There are hybrids, cap-and-trade, and wind energy ... and then there's Genghis Khan. Guess which one has the biggest environmental impact?
Genghis Khan's Mongol invasion in the 13th and 14th centuries was so vast that it may have been the first instance in history of a single culture causing man-made climate change, according to new research out of the Carnegie Institution's Department of Global Ecology, reports Mongabay.com.
Unlike modern day climate change, however, the Mongol invasion cooled the planet, effectively scrubbing around 700 million tons of carbon from the atmosphere.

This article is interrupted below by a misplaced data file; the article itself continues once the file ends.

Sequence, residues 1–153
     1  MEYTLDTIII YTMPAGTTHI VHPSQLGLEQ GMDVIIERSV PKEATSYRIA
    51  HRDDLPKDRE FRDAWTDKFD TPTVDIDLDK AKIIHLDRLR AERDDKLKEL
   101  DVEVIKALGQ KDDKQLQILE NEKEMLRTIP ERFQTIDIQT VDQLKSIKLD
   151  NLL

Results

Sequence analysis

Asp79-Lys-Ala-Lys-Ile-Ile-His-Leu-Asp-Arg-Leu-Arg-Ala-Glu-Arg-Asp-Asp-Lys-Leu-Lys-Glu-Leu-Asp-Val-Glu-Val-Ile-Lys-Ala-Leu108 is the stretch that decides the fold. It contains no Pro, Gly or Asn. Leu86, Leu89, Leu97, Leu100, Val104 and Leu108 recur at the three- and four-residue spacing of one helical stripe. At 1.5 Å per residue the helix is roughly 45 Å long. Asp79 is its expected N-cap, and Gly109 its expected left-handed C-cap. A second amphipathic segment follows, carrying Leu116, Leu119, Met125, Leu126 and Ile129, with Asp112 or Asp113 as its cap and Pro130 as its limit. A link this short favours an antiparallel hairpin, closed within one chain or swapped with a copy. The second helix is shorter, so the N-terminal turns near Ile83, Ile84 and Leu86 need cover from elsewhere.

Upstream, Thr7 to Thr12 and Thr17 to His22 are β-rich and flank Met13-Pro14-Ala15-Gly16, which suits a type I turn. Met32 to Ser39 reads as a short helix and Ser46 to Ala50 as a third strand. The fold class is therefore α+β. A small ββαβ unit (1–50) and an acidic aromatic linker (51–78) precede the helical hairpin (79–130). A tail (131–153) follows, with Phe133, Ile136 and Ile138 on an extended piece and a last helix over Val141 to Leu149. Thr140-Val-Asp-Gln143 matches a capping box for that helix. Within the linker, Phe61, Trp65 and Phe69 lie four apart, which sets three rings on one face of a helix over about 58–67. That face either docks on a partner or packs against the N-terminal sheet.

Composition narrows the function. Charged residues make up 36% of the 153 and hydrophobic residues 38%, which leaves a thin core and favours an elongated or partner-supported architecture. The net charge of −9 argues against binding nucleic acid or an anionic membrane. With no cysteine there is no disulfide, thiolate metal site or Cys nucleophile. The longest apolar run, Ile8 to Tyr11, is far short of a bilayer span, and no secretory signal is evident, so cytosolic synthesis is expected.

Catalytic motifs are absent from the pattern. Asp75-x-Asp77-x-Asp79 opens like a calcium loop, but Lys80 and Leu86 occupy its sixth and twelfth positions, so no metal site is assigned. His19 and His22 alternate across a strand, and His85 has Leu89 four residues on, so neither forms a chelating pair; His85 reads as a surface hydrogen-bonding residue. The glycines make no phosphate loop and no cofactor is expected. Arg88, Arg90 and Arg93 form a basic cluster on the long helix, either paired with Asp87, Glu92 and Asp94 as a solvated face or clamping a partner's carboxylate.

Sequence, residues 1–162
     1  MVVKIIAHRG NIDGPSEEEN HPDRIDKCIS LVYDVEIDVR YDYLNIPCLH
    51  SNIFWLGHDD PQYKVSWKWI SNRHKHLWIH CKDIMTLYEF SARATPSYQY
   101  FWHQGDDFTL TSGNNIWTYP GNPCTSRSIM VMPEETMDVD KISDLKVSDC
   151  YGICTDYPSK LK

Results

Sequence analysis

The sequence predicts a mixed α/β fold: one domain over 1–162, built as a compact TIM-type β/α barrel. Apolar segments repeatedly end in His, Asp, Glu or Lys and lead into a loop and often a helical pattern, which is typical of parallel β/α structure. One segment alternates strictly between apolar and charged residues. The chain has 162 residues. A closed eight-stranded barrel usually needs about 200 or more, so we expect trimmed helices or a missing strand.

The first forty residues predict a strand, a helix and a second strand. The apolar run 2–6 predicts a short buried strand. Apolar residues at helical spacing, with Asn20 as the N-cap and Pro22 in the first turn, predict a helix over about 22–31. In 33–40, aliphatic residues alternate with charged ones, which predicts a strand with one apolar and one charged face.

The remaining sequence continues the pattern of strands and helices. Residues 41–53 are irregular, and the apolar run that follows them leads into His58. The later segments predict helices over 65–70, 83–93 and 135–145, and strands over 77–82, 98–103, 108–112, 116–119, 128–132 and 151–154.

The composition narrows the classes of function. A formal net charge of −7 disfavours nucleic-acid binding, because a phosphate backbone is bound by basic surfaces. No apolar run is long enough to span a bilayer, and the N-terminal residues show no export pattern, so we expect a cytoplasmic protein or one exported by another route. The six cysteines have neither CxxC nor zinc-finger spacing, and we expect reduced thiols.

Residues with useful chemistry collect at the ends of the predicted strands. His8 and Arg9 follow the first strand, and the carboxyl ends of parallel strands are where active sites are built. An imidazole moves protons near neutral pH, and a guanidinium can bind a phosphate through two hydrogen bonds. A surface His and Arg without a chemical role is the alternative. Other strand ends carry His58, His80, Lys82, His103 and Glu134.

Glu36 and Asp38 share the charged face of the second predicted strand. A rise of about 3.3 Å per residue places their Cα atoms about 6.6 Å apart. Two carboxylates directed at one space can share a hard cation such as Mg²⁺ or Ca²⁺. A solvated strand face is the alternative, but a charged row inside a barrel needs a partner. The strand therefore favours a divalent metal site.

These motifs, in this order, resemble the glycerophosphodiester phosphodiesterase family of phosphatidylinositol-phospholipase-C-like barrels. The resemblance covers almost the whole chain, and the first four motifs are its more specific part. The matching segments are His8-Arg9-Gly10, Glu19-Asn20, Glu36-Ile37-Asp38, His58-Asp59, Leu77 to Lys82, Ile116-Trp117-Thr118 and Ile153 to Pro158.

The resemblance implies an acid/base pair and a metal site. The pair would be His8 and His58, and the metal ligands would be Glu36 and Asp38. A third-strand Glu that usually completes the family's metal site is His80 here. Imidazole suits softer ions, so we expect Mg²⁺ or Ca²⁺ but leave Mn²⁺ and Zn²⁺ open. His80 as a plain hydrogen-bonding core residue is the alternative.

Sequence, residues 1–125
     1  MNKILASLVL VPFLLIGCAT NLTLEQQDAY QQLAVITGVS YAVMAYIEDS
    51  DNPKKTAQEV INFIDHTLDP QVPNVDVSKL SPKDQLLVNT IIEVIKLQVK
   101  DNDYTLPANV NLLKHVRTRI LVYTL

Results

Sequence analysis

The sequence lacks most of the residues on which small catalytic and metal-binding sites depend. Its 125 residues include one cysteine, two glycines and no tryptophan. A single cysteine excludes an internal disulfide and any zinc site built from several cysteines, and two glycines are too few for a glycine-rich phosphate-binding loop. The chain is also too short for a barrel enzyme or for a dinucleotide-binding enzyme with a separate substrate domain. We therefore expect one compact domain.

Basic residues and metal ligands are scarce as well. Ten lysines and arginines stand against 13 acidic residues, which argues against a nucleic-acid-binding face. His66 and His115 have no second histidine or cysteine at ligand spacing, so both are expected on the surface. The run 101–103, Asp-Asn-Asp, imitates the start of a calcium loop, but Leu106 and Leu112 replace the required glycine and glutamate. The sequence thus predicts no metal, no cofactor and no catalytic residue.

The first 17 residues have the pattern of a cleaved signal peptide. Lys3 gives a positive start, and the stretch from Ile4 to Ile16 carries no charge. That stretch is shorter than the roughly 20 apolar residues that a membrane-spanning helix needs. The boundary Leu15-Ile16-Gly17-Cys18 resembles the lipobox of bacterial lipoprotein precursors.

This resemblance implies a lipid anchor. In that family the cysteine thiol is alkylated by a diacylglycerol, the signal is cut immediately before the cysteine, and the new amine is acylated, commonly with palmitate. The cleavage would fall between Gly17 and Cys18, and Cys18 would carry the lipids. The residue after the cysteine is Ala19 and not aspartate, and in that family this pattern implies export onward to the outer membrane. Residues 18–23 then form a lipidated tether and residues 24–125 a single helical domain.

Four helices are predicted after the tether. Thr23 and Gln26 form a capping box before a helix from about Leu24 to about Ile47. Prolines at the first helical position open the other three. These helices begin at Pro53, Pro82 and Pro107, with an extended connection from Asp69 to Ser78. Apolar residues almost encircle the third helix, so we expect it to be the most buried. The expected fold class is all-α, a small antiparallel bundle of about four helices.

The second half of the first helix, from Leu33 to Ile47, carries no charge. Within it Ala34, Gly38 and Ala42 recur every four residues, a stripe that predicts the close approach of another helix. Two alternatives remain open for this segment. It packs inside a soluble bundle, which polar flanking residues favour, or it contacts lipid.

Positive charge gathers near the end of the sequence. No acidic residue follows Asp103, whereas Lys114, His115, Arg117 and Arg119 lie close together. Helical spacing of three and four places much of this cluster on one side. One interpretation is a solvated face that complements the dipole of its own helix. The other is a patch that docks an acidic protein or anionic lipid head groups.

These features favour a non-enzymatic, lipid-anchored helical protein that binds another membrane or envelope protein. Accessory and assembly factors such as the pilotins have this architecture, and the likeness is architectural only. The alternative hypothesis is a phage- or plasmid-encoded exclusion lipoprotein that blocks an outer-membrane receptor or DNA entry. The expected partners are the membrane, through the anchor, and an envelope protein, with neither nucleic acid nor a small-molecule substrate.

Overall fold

So how did Genghis Khan, one of history's cruelest conquerors, earn such a glowing environmental report card? The reality may be a bit difficult for today's environmentalists to stomach, but Khan did it the same way he built his empire — with a high body count.
Over the course of the century and a half run of the Mongol Empire, about 22 percent of the world's total land area had been conquered and an estimated 40 million people were slaughtered by the horse-driven, bow-wielding hordes. Depopulation over such a large swathe of land meant that countless numbers of cultivated fields eventually returned to forests.
In other words, one effect of Genghis Khan's unrelenting invasion was widespread reforestation, and the re-growth of those forests meant that more carbon could be absorbed from the atmosphere.